Even with a record setting 10 post-fight bonuses, Chris “Lights Out” Lytle (38-18-5) is relatively obscure to casual fans. In a division that boasts the likes of Georges St. Pierre, Josh Koscheck, Jon Fitch and many others Chris Lytle is often overlooked in terms of UFC marketing and therefore escapes the memory of many casual fans. So when Chris Lytle choked out Dan Hardy and announced his retirement to an ecstatic crowd, many fans probably shrugged their shoulders and went to bed.
True fans, however, shed a few tears.
The notoriously picky fans of sports are always looking for that ONE fighter. The fighter whom they can relate to, who manages to excite them without seeming other worldly, who never makes them regret a fight. It’s harder than you may think. Anderson Silva can’t speak English worth a damn, GSP’s fights are like watching paint dry, and it’s hard to root for heavyweights who could eat your children for breakfast. Even Brian Stann, the well spoken military veteran who has finished his last 3 opponents, is a little hard to relate to simply because he’s a war hero whose feats aren’t feasible for most citizens. Fans had long thought that would have to compromise in order to relate to these mixed martial artists.
The truth was, that mixed martial artist had always existed; his name is Chris Lytle.
At 5′ 11″ 170 lbs, he’s a guy that if you passed on the streets of his native Indiana you wouldn’t bother to look twice at. He and his wife have four children, and he works full time as a fire fighter while considering running for state representative next year. He’s a guy that if you met in a bar, you’d probably end up drinking half your body weight in beer and laughing so hard you’d piss yourself. Which makes it all the more special that he’s one of the most exciting fighters in the history of the UFC.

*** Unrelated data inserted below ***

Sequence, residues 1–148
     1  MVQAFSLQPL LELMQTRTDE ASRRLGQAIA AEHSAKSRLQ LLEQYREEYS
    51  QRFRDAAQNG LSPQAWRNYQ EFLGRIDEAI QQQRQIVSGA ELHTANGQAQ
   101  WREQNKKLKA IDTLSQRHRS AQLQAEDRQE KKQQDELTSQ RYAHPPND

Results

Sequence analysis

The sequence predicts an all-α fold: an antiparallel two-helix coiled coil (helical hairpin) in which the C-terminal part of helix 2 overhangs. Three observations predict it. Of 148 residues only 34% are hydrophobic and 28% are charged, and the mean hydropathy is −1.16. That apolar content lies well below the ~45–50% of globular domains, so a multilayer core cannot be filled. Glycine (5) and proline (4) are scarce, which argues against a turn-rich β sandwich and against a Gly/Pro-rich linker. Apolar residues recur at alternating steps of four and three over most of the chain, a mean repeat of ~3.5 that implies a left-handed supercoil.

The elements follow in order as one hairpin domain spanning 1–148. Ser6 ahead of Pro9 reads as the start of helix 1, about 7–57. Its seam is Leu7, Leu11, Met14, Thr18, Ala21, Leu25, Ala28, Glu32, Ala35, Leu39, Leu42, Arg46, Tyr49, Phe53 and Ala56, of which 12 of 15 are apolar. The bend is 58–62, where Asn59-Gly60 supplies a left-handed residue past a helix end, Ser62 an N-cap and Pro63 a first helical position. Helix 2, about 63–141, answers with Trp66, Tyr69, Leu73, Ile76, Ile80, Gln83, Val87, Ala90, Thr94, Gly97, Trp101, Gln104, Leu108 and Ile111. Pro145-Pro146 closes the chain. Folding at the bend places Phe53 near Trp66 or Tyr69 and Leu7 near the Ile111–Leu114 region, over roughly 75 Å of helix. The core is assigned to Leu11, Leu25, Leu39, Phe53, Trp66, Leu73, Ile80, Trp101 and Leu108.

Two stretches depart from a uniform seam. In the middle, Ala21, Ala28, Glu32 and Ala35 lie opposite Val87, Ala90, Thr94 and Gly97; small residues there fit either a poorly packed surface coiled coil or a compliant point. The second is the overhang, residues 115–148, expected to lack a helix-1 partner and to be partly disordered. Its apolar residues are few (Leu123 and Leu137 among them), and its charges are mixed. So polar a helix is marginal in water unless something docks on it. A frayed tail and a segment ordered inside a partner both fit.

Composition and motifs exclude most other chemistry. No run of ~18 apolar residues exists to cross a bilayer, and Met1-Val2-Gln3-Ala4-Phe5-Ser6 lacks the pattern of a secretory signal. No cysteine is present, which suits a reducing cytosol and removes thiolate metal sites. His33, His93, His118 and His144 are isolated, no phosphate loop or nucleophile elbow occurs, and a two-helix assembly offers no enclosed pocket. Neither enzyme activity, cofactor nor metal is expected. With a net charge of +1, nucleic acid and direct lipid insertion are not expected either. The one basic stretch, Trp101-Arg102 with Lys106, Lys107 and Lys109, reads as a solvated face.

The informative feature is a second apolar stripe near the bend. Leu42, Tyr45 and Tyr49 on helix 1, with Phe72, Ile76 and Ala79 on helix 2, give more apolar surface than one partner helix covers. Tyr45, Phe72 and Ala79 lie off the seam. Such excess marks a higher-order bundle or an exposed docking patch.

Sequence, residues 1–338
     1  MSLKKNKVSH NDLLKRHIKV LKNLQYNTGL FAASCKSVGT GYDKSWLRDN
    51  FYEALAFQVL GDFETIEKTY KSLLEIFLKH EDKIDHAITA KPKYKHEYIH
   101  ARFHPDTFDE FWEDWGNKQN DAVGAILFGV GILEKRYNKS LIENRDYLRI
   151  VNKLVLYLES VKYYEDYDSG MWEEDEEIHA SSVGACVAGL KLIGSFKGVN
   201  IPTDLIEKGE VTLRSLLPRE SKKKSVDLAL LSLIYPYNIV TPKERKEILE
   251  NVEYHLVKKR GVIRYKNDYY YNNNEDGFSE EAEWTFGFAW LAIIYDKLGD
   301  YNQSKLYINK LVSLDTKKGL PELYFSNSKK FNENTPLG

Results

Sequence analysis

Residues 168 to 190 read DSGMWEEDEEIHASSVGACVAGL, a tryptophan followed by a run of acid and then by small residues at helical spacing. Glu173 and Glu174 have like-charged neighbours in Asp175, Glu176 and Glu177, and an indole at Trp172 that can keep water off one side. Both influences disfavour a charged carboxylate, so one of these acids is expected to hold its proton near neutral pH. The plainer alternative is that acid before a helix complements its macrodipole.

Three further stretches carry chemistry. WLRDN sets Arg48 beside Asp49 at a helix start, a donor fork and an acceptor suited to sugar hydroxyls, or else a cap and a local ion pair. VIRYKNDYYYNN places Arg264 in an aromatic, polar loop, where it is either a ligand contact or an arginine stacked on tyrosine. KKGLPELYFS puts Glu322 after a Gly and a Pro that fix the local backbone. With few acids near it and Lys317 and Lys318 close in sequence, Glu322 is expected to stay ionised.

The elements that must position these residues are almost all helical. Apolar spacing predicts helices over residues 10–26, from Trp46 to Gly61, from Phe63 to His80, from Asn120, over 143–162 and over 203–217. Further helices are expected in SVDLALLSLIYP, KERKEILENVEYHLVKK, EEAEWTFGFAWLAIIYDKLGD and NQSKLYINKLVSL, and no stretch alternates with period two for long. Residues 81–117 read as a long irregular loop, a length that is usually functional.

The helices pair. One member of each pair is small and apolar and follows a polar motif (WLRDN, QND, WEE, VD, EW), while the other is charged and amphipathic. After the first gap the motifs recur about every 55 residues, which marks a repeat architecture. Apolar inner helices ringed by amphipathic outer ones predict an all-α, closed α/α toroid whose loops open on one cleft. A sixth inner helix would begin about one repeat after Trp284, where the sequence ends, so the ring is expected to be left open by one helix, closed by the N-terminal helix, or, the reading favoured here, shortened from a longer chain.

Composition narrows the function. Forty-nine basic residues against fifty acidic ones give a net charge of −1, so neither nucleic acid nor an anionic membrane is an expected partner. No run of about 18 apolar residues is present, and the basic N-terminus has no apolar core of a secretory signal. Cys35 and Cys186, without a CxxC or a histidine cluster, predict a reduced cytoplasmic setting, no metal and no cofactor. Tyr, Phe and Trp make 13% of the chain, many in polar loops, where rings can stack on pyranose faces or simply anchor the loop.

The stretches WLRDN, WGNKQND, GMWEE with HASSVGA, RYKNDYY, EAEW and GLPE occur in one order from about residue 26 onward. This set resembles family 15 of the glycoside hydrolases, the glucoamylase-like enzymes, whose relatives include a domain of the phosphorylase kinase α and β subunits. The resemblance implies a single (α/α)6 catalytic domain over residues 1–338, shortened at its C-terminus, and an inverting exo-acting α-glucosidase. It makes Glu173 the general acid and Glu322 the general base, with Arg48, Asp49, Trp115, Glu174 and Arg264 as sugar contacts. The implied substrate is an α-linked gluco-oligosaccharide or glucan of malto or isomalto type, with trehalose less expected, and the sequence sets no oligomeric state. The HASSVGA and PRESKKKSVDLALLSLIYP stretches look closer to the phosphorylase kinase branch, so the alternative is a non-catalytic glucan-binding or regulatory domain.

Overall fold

Since his loss to Matt Serra in the Ultimate Fighter 4 Finale in 2006, he won 10 fight bonuses in 14 professional fights which totals to over half a million dollars. When interviewed after his knockout of Kyle Bradley, Lytle stated in so many words that his ultimate goal was to excite the fans instead of worrying about winning. Think about how dangerous that is.
Chuck Liddell, Jens Pulver, and Wanderlei Silva had this philosophy with their fighting and you know what happened to them? Their chins are now so weak that you could fling a ping pong ball at their face and you’d have a 20% chance of putting them in a coma. The idea of “scrap first, think later” is entertaining but it has cost so may fighters their careers that it’s never considered wise.
Yet here Chris Lytle is . . . after going toe to toe in slugfests with power punchers such as Thiago Alves, Marcus Davis and Matt Serra. He’s a father and a fireman who has proven that even though he’ll never be a poster boy for the UFC, he’ll be etched into the minds of anyone who has watched him fight. More than his dedication to his fans, however, is the way Chris Lytle went out.
In the fight game, too many legends retire when they have no choice. Look at Chuck Liddell, whom Dana White forced into retirement before his consecutive knockout losses could cause permanent damage. Look at Randy Couture, whose two retirements coincided with two devastating knockout losses. Most recent is Matt Hamill, who was absolutely mauled by Alexander Gustafsson and walked away from the sport. Many fighters claim that they have nothing to prove in the sport or that they’ve grown tired of it, but it’s hard to believe when they make the decision with the back of their head resting on the canvas. Chris Lytle claimed the same thing, that he wanted to step away from the sport and spend more time with his family, whom he felt he was neglecting . . . after his upset loss to Brian Ebersole.
But just in case you didn’t believe him, he went out and out-slugged Dan Hardy . . . who slugged his way to a title shot against Georges St. Pierre in 2010. He sunk in the guillotine after a dramatic back and forth fight and then delivered a speech of thanks with two of his children at his side. Like I said before, many casual fans won’t appreciate what I’m writing right now. For those of you to whom MMA is just as viable a sport as football or basketball, you understand what I understand.
The UFC has suffered a great loss.